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Field Reports: Washington proposes simpler fishing regulations

FISHING – Simplifying Washington’s fishing regulations is the goal of 13 proposals that will be presented at public meetings across the state by Fish and Wildlife Department fish managers.

Public comment on a proposed package of simplified recreational fishing regulations for freshwater species, such as steelhead, trout and warmwater fish will be discussed on Tuesday from 6-8 p.m. at Center Place, 2426 N. Discovery Pl. in Spokane Valley.

Many of the restrictions for specific waters – often sold in the past as ways to provide more opportunity and bigger fish – would be dropped. For example, the 9-inch minimum length limit for crappie meant to boost numbers of catchable size fish at Eloika Lake could be eliminated and returned to a statewide rule.

“For years, we’ve heard from people about how our regulations are complex – even for some of the most seasoned anglers – and act as a barrier to people trying to take up the sport,” said Jim Unsworth, agency director. “So we’ve been developing a set of regulations that will be easier for all anglers to understand.”

This is the first year of a three-year effort to simplify sportfishing regulations throughout the state. Next year, fishery managers are scheduled to work on salmon fisheries in marine and freshwater, while fisheries for shellfish and other marine fish will be addressed in 2019.

Examples of proposed changes include:

  • Standardizing the statewide season for rivers, streams and beaver ponds to the Saturday before Memorial Day through Oct. 31.
  • Eliminating mandatory steelhead retention in most waters.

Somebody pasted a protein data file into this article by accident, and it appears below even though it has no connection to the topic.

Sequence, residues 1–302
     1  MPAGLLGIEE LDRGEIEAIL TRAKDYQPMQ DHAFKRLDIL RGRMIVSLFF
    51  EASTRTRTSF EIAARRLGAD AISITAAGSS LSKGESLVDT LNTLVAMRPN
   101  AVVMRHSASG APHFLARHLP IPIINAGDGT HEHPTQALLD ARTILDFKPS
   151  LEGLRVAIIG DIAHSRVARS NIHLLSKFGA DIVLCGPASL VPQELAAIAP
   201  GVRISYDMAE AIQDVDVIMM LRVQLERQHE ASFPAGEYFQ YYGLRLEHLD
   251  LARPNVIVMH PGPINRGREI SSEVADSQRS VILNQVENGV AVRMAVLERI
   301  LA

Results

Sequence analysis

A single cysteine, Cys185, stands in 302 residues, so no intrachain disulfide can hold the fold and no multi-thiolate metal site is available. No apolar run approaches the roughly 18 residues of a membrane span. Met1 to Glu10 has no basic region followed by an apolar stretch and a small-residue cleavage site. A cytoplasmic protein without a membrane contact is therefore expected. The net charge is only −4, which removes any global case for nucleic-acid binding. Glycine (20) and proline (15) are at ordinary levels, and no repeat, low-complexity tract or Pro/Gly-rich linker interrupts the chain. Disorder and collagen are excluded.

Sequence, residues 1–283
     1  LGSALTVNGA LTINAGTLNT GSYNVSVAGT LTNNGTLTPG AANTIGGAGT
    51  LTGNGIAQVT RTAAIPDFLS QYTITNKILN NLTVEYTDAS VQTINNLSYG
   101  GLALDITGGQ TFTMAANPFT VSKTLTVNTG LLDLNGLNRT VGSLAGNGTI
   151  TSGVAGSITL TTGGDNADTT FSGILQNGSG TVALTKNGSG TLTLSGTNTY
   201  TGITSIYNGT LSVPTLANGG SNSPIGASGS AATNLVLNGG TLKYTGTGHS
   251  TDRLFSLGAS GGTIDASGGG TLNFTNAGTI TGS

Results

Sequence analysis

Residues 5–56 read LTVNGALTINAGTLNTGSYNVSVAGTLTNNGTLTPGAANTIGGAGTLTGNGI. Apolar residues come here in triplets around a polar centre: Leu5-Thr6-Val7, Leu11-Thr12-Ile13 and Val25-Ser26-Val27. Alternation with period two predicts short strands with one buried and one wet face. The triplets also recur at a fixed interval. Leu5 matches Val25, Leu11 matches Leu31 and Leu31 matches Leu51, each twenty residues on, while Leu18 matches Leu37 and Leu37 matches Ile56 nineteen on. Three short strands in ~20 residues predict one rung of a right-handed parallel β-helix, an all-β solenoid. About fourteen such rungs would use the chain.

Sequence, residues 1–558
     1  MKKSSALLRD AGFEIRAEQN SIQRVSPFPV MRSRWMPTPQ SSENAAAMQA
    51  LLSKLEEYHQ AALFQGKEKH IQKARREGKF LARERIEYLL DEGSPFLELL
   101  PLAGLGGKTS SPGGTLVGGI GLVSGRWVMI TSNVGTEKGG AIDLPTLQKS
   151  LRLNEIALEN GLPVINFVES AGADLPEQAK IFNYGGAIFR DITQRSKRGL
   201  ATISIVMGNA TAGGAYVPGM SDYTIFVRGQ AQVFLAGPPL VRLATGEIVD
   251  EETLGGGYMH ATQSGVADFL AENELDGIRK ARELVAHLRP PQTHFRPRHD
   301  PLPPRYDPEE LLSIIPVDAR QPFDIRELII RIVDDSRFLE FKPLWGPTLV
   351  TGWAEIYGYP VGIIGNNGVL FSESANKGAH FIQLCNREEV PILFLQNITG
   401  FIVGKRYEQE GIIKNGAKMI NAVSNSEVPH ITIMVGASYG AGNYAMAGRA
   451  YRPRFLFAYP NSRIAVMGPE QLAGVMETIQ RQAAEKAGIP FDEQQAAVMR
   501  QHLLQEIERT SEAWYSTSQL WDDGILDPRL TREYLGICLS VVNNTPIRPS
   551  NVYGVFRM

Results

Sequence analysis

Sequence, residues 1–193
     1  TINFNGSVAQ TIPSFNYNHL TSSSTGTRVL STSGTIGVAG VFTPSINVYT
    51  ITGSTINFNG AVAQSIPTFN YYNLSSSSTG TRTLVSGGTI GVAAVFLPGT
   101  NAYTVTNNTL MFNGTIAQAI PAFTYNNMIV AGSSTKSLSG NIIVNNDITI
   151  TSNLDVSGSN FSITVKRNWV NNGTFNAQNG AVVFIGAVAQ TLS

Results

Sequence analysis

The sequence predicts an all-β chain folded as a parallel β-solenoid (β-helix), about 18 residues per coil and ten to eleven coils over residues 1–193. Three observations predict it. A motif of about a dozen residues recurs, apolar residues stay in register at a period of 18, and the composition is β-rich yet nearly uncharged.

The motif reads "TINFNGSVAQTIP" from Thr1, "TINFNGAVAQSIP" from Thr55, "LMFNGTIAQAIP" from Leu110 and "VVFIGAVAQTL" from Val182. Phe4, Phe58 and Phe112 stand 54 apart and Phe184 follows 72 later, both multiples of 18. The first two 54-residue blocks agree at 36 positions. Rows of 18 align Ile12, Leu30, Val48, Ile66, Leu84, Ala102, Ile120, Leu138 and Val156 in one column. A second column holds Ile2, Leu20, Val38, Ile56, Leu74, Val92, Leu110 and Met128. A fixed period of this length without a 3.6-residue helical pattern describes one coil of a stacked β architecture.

• Reducing the complexity of regulations – such as daily limits, size limits and seasons – in lakes and ponds.
  • Standardizing regulations in rivers and streams for bass, channel catfish, and walleye. Under the proposal there would be no daily limit or minimum size for those fish.

Public can review and comment on the proposed rules through Nov. 30 online at wdfw.wa.gov/fishing.

For a printed copy of the proposed rules, call (360) 902-2700.

A meeting also is scheduled for Wednesday in Ephrata, Washington, at 6 p.m. at the Grant County Public Works, 124 Enterprise St. SE.

The Washington Fish and Wildlife Commission will hear more comment on the proposals at its Dec. 8-9 meeting in Olympia.

Institute experts lead hike to giant cave

GEOLOGY – Ice Age Floods Institute experts will lead two hikes to learn the geology of features, such as a giant cave arch, in central Washington’s upper Grand Coulee in October.

Geologist-authors Gene Kiver and Bruce Bjornstad will lead groups to:

    Castle Lake Basin: Oct. 7, hike 3.5 miles round-trip plunge pool lake and potholes east of Dry Falls Lake. Involves descent on fixed ladders.

    Giant Cave Arch: Oct. 8, hike 3 miles to a rock shelter cave.

Both hikes begin at 9:30 a.m. with return by 6 p.m. Kiver and Bjornstad are author of the guidebook “On the Trail of the Ice Age Floods.”

Camping near the hikes is available at Sun Lakes or Steamboat Rock state parks. A Washington Discover Pass is required on parked vehicles.

Register with the IAFI Cheney-Spokane Chapter, iafi.org/iafi.

Info: email froghollow@sisna.com.

Fire-safe project set on South Hill bluff

TRAILS – A volunteer work party to thin brush and prune trees to reduce fire danger on a portion of the South Hill bluff is scheduled for Saturday, organized by Friends of the South Hill Bluff.

“Fires on the bluff threaten the whole South Hill, not only those homes on the edge,” said Pat Keegan, the group’s president. “Currently we have a Forest Fire Risk Reduction Project on the bluff between 16th and 21st Ave.”

More volunteers are needed to get the project done, he said.

The group will work 9 a.m.-1 p.m. starting at the Ash Street and 16th Avenue trailhead.

Helpers should bring work gloves, and pruning tools if possible.

Info: Phil (509) 670-4649.


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